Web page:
A Desk Lamp Solder Fume Extractor

Those of us who have spent a lifetime building electronic projects have probably breathed more solder smoke than we should. This is not an ideal situation as we’ve probably increased our risk of asthma and other medical conditions as a result.

It has become more common over the years to see fume extraction systems and filters as part of the professional soldering environment, and this trend has also started to appear in the world of the home solderer. As always, where commercial products go the hardware hacker will never be far behind. We’ve seen people producing their own soldering fume filters using computer fans.

A particularly neat example comes via [Engineer of None], who has posted an Instructable and the YouTube video shown below the break for a filter mounted on a desk lamp. A toaster is used to heat a piece of acrylic. The softened plastic is then shaped to fit the contours of the lamp. The lamp’s articulated arm is perfect for placing light and fume extraction exactly where it is needed. It’s not the most complex of hacks, but we’d have one like it on our bench without a second thought. We would probably add an activated carbon filter to ours though.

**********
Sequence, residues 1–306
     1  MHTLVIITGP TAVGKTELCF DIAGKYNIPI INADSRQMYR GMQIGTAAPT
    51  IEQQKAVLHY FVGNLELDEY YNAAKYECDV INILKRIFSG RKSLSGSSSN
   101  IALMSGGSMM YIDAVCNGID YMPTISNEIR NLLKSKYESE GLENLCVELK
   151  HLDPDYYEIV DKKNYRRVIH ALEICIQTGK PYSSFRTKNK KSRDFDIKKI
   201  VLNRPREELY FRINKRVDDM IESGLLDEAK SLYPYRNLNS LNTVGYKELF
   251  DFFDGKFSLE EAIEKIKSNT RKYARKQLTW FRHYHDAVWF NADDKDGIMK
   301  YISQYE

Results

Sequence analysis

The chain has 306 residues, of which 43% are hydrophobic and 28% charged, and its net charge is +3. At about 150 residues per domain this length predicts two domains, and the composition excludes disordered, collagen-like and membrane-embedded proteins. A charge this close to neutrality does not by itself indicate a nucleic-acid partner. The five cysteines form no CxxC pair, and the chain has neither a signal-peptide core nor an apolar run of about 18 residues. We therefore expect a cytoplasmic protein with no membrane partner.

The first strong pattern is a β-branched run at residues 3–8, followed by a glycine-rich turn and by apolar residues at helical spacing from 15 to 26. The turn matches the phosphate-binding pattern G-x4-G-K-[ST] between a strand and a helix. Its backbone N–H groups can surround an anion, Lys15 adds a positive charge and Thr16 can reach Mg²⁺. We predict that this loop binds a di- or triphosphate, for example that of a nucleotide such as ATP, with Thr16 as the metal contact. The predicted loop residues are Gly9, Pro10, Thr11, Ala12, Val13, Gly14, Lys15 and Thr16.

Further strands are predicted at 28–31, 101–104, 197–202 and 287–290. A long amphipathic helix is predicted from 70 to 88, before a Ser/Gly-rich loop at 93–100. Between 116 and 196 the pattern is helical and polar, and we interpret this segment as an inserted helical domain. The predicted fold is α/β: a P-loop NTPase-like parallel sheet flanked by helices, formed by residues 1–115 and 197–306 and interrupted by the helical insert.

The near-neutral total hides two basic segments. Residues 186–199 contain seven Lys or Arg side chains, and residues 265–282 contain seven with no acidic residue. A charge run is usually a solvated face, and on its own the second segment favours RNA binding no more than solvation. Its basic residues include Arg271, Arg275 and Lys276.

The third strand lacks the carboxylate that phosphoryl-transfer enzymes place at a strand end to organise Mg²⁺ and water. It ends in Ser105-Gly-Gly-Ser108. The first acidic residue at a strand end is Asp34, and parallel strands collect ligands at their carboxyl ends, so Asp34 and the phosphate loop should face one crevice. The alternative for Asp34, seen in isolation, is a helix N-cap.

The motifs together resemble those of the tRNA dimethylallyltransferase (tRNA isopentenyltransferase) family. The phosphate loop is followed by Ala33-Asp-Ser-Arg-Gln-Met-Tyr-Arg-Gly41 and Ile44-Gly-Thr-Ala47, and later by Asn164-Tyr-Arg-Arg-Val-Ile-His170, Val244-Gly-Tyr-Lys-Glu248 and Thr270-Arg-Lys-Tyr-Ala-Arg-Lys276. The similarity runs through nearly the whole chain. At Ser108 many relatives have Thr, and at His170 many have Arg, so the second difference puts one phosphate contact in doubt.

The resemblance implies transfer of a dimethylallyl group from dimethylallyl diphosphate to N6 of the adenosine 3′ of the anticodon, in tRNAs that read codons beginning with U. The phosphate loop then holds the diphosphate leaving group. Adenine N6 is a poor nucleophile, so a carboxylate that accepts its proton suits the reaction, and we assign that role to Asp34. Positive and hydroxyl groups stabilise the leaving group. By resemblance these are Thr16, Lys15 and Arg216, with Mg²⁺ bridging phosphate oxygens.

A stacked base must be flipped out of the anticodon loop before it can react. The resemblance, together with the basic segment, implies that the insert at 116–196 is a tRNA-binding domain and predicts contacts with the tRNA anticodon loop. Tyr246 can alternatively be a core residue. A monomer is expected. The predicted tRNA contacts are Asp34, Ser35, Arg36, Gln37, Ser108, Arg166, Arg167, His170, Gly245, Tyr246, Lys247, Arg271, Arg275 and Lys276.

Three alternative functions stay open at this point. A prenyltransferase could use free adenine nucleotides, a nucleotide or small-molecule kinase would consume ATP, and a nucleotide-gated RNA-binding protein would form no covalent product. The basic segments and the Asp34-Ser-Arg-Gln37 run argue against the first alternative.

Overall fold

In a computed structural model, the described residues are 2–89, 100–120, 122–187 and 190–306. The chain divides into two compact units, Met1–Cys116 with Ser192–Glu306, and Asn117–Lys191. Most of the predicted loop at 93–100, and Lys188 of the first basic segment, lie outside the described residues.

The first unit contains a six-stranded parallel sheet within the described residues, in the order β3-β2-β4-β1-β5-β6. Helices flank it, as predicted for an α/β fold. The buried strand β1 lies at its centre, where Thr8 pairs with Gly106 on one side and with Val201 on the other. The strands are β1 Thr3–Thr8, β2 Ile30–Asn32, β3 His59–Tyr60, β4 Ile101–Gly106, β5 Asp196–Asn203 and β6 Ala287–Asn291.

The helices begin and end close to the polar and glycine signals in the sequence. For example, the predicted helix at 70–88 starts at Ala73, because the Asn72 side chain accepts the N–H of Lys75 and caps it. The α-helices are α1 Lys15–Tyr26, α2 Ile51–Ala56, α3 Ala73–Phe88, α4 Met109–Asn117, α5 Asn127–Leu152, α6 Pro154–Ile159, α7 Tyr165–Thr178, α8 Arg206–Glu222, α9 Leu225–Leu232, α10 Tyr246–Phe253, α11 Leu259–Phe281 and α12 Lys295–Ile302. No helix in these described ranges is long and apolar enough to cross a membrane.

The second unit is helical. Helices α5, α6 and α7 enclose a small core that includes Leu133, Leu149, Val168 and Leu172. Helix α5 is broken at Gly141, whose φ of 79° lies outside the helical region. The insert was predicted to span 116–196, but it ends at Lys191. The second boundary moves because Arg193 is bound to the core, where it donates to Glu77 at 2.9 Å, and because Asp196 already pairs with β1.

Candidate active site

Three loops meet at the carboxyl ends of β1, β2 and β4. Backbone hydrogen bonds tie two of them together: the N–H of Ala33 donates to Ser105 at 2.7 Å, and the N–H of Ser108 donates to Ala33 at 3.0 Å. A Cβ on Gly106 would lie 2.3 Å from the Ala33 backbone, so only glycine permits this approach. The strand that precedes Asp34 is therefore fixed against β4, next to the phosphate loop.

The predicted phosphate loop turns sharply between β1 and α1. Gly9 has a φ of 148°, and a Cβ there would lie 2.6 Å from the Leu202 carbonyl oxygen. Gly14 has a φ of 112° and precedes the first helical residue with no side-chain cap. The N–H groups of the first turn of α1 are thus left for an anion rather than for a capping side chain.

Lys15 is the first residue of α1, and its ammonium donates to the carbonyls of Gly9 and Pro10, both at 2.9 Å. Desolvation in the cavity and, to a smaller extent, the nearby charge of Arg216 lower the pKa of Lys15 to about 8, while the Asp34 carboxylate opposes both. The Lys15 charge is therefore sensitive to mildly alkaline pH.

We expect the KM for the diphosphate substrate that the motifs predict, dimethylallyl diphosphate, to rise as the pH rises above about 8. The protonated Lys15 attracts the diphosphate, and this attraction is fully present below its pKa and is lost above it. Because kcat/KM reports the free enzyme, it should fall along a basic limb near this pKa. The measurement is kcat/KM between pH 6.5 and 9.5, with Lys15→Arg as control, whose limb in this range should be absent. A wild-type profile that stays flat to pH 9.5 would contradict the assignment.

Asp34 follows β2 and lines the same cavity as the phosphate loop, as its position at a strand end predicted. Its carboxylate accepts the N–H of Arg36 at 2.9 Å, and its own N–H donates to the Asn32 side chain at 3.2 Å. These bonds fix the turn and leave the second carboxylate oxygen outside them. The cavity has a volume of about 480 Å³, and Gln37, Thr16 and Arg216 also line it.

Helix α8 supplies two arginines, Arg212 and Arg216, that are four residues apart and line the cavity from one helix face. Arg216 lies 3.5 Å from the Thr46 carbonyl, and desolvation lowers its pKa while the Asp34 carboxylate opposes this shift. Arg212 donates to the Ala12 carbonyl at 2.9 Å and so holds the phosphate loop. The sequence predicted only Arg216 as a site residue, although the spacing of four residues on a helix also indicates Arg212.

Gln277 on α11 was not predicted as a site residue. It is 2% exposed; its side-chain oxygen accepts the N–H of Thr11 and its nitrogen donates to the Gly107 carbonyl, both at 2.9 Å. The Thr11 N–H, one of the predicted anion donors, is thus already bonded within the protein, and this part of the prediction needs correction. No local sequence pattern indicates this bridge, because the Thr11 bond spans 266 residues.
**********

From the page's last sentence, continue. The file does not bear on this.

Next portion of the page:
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Solder Fume Extractor With Heat Recovery


When snow covers the landscape outside, you do your best to preserve the heat inside. [Tom] came up with a smart design for a solder fume extractor that includes a heat recovery ventilator. He created a housing which contains input and output sections. A fan is used to bring in outside air, passing it through a heat exchanger made of alternating panels of coroplast. (See diagrams of his setup after the break) This is really a simple design, and could be built in a couple of hours.

A little digging turns up some good information on making a heat exchanger like this one. [Tom] doesn’t mention the indoor temperature, so it’s difficult to calculate the efficiency he’s getting out of it. Apparently they can attain up to 70% heat transfer, depending on the size of the heat exchanger.

In the video, [Tom] mentions some obvious improvements that could be made, including more efficient fans, and a better housing that allows the core to be removed for cleaning. Still, this is a simple setup that provides a good proof of concept. Perhaps we’ll get to see a more permanent installation from [Tom] in the future.

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